BATH — John Marsh feels someone else should have been named grand marshal of this year’s Heritage Days parade.
“There are better people out there, I’m sure,” he said with a smile during an interview June 24.
Nonetheless, it’s an honor the 65-year-old expects to enjoy when his family – including three grandchildren from Sweden, who call him “far-far” (“father’s father”) – watches him lead the Independence Day procession through downtown.
“Bath has a wonderful Heritage Days celebration; a great parade,” Marsh said. “It’s quite an honor to be able to lead that great parade in the city of Bath.”
Since Marsh and wife Anne moved to the City of Ships from New Jersey in 1975 he has been a consumer and commercial lender officer at Bath Savings Institution, where he is about to retire.
Their move also launched Marsh into community service.
“I’ve been a treasurer of almost everything around town,” he said at his office, which offers a grand view of Front Street.
Marsh has held the purse strings for the United Voice Community Land Trust, Sagadahoc Preservation, Bath Rotary Club (also club president), Main Street Bath, Patten Free Library, the Bath Area Chamber of Commerce, and Bath Childcare Services.
He has been a volunteer at Oak Street Co-Op, Tedford Homeless Shelter, the Genesis Community Loan Fund, and United Way of Midcoast Maine, and his work with the city includes the Bath Development Corp., Waterfront Park, Housing Loan Review and Community Development committees.
Gov. Paul LePage in 2014 also appointed Marsh as commissioner of the Maine State Housing Authority, a position the banker still holds.
On top of that, he and his wife also make their own award-winning barbecue sauce, Tallywaggers, which is sold up and down the coast.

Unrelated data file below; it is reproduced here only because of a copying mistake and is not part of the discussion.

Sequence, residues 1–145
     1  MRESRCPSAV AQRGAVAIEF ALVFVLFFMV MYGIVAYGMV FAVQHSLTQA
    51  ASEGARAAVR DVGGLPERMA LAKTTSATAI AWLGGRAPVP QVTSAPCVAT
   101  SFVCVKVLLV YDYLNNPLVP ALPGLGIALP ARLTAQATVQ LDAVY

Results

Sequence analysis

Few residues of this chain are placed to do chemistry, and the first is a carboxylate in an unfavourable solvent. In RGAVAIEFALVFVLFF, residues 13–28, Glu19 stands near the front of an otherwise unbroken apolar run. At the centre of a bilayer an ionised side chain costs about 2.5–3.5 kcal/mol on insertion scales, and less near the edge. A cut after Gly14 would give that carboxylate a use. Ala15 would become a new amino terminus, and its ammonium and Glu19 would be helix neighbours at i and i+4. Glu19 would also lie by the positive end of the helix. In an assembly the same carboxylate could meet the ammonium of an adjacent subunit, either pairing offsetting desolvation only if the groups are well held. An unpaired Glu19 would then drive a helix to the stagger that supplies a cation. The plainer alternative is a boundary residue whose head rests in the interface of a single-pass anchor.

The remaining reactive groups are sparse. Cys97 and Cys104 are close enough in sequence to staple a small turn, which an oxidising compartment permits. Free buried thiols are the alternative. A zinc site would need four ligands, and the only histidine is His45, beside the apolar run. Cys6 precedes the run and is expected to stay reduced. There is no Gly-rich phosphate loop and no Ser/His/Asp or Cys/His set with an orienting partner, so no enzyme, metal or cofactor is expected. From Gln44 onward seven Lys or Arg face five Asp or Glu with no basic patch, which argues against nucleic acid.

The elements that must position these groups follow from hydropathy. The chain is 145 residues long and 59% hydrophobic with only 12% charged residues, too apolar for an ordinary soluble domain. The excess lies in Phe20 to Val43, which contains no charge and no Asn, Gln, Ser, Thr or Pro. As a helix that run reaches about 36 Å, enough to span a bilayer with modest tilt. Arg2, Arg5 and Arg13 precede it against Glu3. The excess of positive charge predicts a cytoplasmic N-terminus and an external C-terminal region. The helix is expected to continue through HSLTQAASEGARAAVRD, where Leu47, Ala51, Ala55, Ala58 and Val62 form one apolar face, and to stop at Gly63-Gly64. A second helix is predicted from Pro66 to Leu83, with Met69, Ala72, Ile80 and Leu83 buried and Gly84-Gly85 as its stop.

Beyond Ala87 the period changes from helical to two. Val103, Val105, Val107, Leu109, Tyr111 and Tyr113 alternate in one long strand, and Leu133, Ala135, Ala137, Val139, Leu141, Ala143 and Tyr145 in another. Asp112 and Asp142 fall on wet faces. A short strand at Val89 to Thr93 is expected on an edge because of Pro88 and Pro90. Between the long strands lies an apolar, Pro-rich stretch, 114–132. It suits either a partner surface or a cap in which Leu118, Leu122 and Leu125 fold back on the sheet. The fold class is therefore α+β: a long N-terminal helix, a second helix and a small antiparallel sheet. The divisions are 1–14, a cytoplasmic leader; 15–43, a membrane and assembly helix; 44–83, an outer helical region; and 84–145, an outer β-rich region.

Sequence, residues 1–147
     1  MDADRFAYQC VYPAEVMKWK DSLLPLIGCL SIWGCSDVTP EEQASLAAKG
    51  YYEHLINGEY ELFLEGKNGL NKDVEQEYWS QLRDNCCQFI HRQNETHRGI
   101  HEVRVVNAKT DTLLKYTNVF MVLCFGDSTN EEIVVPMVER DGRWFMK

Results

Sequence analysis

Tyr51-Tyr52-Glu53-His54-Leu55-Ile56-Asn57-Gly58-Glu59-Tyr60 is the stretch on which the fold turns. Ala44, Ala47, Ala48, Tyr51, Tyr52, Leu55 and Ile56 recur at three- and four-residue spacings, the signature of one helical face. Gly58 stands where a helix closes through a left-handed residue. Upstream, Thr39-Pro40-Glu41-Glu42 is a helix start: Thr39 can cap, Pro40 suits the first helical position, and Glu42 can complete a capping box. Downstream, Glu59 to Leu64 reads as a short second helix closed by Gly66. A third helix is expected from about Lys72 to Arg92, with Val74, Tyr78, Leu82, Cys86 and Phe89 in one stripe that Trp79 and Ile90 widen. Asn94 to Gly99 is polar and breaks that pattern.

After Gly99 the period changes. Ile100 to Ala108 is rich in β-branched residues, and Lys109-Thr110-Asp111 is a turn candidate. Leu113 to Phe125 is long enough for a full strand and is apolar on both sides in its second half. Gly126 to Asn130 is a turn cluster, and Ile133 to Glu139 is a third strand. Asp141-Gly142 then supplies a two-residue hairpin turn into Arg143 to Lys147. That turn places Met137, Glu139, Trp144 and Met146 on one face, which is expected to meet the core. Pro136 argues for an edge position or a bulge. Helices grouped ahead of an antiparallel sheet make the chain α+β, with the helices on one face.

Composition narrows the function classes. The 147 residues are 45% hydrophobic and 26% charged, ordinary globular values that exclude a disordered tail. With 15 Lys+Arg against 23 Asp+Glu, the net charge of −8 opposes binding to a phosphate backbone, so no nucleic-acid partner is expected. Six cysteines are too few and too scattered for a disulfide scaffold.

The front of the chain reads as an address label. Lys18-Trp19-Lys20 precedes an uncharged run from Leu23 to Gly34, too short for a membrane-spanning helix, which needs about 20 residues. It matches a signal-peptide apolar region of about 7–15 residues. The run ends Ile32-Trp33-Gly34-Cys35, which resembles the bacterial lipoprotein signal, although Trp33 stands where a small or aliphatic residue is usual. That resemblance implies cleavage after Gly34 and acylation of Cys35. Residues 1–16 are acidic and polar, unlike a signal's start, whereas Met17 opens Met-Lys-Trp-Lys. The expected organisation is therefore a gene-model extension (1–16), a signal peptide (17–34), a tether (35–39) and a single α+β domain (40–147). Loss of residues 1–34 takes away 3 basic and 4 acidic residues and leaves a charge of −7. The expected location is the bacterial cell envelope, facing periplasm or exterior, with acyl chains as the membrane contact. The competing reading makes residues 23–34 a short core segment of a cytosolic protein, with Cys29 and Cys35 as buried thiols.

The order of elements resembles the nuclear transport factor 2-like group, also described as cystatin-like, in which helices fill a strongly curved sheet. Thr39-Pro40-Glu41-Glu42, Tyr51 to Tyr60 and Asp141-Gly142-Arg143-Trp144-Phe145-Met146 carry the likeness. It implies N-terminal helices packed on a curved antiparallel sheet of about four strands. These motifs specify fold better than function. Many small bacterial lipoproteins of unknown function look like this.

Becky Welsh, chairwoman of the Heritage Days Parade, said Marsh was chosen as grand marshal “because over his 40 years at Bath Savings he not only gave his time, but also gave his heart and spirit. We are excited to honor John for his commitment to our community.”
Asked what inspired him to become involved in so many community organizations, many at the same time, Marsh quickly answered with a chuckle, “Nothing; it just happened.”
He was asked to climb aboard, and just said yes.
“It really gives me an opportunity to get out into the community,” Marsh said, noting that while he got to know “a whole community of people” in Sagadahoc, Cumberland and Lincoln counties on a business level, “through the nonprofits it’s a whole different perspective.”
“The strength of our communities relies on, in my belief, our nonprofits,” he said. “The museums, the libraries, all the cultural events, bring people into the community, and they see how strong a community is. … They come in and make this their home and, as a result, the businesses thrive, and if (they) thrive, they get to give more back into the community, to support the nonprofits.”
“It’s a big circle,” Marsh added. “… It’s the right thing to do, to be out there and make Bath a better place to live and work.”
John Marsh, a longtime banker and community volunteer in Bath, is grand marshal of this year’s Heritage Days parade.